Omega-3 and The Omega-3 Index

What are Omega-3 fatty acids?

Omega-3 are a group of unsaturated fatty acids with many important functions in the body. The body is unable to produce omega-3 on its own and it is therefore important to supply the body with omega-3 from food sources or supplements.

Important omega-3 fatty acids include ALA (α-linolenic acid), DHA (docosahexaenoic acid), and EPA (eicosapentaenoic acid). ALA is present is food sources from plants such as nuts and seeds, and their oils. EPA and DHA can be synthesized from ALA, but due to low conversion efficiency, it is recommended to have a diet with food sources rich in EPA and DHA. EPA and DHA are present in seafood, algae, and fish oils and are often called marine omega-3 fatty acids.

It is recommended to consume 1-2 grams of omega-3 per day. Eating fish, particularly fatty fish, at least 2-3 times per week will meet this recommendation. However, a diet with less than this amount will require omega-3 from other sources.

Omega-3 and athletes’ performance

Omega-3 fatty acids are important for overall health due to the many functions of these fatty acids. EPA and DHA have particular important functions in the body. DHA and EPA are important for keeping the heart functioning normally and DHA is important for maintaining normal brain function and eye vision. The brain, the eyes, and the heart are all crucial organs for an athlete. Additionally, individuals and athletes with high workout loads have increased nutritional requirements. A sufficient food and drink intake is necessary to utilize maximum capacity during workouts and competitions. Therefore, an athlete’s diet should consist of adequate amounts of energy, protein, carbohydrates, fats, including omega-3 fatty acids, micronutrients, and fluids.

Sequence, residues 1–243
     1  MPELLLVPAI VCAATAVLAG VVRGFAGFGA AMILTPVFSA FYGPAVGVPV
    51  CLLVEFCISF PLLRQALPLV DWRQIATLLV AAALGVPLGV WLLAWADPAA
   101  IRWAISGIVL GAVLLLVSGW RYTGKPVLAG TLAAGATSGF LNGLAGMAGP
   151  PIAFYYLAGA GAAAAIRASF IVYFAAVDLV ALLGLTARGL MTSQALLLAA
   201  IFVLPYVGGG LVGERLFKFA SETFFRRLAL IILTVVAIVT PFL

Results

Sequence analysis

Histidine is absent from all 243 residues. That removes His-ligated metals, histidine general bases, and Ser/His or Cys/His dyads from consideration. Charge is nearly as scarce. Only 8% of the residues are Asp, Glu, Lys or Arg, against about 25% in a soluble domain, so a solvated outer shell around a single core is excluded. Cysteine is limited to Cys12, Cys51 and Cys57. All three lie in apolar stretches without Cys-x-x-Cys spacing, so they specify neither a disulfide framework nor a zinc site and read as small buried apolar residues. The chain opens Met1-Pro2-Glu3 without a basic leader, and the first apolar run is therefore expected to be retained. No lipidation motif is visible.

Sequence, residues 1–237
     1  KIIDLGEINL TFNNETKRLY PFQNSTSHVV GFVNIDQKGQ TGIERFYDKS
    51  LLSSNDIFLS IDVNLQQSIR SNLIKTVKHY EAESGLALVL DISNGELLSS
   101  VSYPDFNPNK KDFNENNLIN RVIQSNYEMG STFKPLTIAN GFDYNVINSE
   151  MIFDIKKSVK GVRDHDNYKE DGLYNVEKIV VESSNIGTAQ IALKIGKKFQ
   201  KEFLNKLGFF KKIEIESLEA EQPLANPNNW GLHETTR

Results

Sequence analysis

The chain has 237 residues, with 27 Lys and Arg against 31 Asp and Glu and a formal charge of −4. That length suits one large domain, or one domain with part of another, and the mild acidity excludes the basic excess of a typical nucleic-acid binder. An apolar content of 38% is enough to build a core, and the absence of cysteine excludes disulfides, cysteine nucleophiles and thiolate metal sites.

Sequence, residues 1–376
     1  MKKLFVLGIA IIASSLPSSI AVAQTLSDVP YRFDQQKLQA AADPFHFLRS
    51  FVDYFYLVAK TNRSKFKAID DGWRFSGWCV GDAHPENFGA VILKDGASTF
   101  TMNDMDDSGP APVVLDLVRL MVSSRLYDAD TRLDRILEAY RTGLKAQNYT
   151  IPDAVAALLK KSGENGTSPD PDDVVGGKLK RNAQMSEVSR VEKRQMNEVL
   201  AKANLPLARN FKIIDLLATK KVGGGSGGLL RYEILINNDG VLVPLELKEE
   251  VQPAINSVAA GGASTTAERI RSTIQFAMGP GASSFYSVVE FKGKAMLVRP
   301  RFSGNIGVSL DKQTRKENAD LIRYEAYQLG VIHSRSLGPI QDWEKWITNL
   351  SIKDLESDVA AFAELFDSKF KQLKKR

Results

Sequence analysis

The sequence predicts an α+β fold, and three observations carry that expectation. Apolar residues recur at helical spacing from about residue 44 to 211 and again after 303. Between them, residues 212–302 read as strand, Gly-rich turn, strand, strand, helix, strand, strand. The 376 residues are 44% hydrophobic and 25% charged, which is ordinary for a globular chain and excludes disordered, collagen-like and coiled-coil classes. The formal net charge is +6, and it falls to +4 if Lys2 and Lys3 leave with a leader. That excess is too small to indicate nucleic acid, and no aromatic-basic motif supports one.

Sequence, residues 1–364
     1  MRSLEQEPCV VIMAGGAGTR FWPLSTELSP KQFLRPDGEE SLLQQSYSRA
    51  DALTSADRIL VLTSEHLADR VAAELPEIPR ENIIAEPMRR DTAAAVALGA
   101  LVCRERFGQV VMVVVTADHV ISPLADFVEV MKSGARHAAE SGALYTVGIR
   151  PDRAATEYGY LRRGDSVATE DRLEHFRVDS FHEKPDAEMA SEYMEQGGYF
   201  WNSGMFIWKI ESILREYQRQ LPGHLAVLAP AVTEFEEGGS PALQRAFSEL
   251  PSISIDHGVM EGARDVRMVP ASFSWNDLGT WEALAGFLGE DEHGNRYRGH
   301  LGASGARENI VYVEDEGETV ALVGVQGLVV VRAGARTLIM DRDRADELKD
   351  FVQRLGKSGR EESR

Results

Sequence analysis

Competing athletes are often looking for ways to enhance their performances. Sports nutrition is a field with interesting and exciting research topics, and omega-3 is one of them. Some of the research areas in which omega-3 has been investigated include their potential benefits in reducing muscle soreness, increasing and maintaining muscle mass, and increasing muscle strength. Nevertheless, good nutrition from a wholesome diet is necessary in order for the body to repair effectively after workouts. A rapid recovery process means that the body can put up with more exercise and reach results faster.

What is the Omega-3 index?

It is possible to measure the amount of EPA and DHA in your blood from a blood sample. The Omega-3 Index is defined as the amount of EPA plus DHA in red blood cell membranes expressed as the percent of total red blood cell membrane fatty acids. It is proposed that the Omega-3 Index can be used as a biomarker for cardiovascular disease risk, with suggested cutoffs as follows: high risk, <4%; intermediate risk, 4%-8%; and low risk, >8%. Studies conducted in athletes have found that many score below 4%. This indicates that many athletes can benefit from an increased intake of EPA and DHA from food or from supplements.

Studies indicates that an Omega-3 Index above 8% should be the target, since it entails a significantly lower risk of cardiovascular disease. Unfortunately, the majority of people score below 4%.

Serious athletes knows the importance of giving their bodies the right nutrients at the right time. Although, most athletes don’t consume enough EPA and DHA and therefore score too low on The Omega-3 Index. Most athletes would therefore benefit from an increased omega-3 intake.